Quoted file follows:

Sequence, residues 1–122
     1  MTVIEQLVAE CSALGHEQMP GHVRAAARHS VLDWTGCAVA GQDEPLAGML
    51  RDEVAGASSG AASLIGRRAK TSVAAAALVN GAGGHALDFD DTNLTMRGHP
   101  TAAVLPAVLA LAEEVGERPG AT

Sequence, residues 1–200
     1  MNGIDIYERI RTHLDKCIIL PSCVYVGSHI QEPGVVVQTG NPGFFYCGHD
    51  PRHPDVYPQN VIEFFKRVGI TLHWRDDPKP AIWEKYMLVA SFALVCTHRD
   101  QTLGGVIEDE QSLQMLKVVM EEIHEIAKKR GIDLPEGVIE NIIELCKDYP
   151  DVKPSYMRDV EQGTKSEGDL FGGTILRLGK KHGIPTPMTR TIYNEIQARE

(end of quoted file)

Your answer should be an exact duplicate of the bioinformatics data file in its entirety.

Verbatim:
Sequence, residues 1–122
     1  MTVIEQLVAE CSALGHEQMP GHVRAAARHS VLDWTGCAVA GQDEPLAGML
    51  RDEVAGASSG AASLIGRRAK TSVAAAALVN GAGGHALDFD DTNLTMRGHP
   101  TAAVLPAVLA LAEEVGERPG AT

Sequence, residues 1–200
     1  MNGIDIYERI RTHLDKCIIL PSCVYVGSHI QEPGVVVQTG NPGFFYCGHD
    51  PRHPDVYPQN VIEFFKRVGI TLHWRDDPKP AIWEKYMLVA SFALVCTHRD
   101  QTLGGVIEDE QSLQMLKVVM EEIHEIAKKR GIDLPEGVIE NIIELCKDYP
   151  DVKPSYMRDV EQGTKSEGDL FGGTILRLGK KHGIPTPMTR TIYNEIQARE